Converting Jumbos

“This is not a surprise given the current state of the airfreight market,” Martin Fendt, an Airbus spokesman, said in an e-mail. “Despite this, our operator base grew in the first half of 2013 with the addition of Avianca Cargo and Qatar Airways Cargo, thus enforcing the A330-200F’s position as the only modern day solution for mid-size freighters.”

With the planemakers delivering 40 to 50 large cargo jets annually, “older aircraft have to be retired to keep things relatively in balance,” Dahl said. “With all the new capacity coming in, there’s very little demand for conversions of a similar type.”

Carriers haven’t converted any Boeing 747-400 passenger planes into cargo jets this year, after transforming seven of the jets last year and 17 jumbos in 2008, according to Ascend Worldwide data compiled by Bloomberg Industries.

Air-cargo companies favor buying new freighters in this market over retrofitting old passenger jumbos for cargo because the 747-8 freighter’s range is greater and operating and fuel costs are lower than older 747s, Boeing’s Tinseth said.

Passenger Counterparts

Narrow-body conversions are still appealing to some air-cargo carriers, especially those seeking a low-cost foothold within emerging markets such as China or Africa, Dahl said.

FedEx has agreed to buy 27 Boeing 757 passenger jets from United Continental Holdings Inc. this year and convert them into freighters as it replaces old three-engine Boeing 727s with newer planes that burn one-third less fuel. FedEx declined to comment on aircraft plans, said Jenny Robertson, a spokeswoman for the Memphis, Tennessee-based company.

Another drag on Boeing and Airbus freighter sales is the competition they face against their hot-selling passenger counterparts such as the A330 and 777, which have ample cargo holds. Boeing’s 777-300ER, in addition to carrying 386 passengers, boasts a 7,120-cubic-foot (201.6 cubic meter) cargo hold. That gives airlines about one-third the capacity of the freighter version.

“The exact factors that are driving jetliner sales to such heights are also clobbering freight,” said Richard Aboulafia, vice president with Teal Group, a Fairfax, Virginia-based consultant.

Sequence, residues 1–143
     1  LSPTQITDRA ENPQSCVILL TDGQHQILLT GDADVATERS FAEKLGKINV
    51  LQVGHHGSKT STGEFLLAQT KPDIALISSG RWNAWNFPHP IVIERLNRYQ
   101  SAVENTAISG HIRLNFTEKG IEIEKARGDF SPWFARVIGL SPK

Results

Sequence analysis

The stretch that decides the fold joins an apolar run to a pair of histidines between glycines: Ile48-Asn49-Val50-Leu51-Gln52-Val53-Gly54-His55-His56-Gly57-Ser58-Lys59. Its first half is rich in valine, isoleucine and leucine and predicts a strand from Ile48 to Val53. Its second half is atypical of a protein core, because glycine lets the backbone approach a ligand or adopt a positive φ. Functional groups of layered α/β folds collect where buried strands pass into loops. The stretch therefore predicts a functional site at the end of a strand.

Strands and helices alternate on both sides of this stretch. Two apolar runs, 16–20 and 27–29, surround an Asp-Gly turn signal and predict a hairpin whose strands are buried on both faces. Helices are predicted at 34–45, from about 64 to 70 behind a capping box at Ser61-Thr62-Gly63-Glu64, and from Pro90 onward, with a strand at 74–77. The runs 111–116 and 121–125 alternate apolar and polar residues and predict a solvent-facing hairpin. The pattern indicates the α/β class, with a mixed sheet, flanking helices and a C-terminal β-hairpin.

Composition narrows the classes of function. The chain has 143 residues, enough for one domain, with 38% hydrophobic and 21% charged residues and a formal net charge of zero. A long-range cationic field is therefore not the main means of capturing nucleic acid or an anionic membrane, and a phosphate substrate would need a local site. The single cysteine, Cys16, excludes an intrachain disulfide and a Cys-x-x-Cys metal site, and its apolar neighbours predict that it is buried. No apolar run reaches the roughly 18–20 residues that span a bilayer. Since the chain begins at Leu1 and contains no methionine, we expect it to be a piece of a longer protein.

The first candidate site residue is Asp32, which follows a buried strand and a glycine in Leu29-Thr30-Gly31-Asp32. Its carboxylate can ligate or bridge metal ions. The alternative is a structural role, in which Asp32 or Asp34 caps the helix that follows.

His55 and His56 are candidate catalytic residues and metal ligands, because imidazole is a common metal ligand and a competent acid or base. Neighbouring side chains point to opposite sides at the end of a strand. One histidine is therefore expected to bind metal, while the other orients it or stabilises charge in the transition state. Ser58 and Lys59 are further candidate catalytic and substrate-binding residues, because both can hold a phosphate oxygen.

Trimming Capacity

Cathay Pacific Airways Ltd. is among carriers trimming capacity and shipping more cargo in passenger jets as it sizes operations to a smaller market, said George Ferguson, a senior aerospace analyst for Bloomberg Industries based in Skillman, New Jersey. The Asia-Pacific market has been hardest hit by the freight slump, contracting 2.3 percent during the first half of 2013 from a year ago, according to IATA data.

The Hong Kong-based carrier, which Ferguson describes as a bellwether for Asian freight transporters, agreed in March to buy three Boeing 747-8 freighters for delivery this year and acquired options to purchase five Boeing 777-200 freighters. In exchange, Cathay Pacific canceled a 2011 order for eight Boeing 777-200 freighters and struck a deal to sell Boeing four converted 747-400 freighters.

“These arrangements are in line with our reduced expectation for future cargo growth and enable us to reduce future cargo capacity,” Elin Wong, a spokeswoman for Cathay Pacific, said in an e-mail. “If the cargo market rebounds at a quicker pace than we expect, then we could add capacity in a timely manner by exercising our purchase options.”

To contact the reporter on this story: Julie Johnsson in Chicago at jjohnsson@bloomberg.net

To contact the editor responsible for this story: Ed Dufner at edufner@bloomberg.net


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Companies Mentioned

  • BA
    (Boeing Co/The)
    • $132.78 USD
    • 1.08
    • 0.81%
  • FDX
    (FedEx Corp)
    • $174.46 USD
    • 1.96
    • 1.12%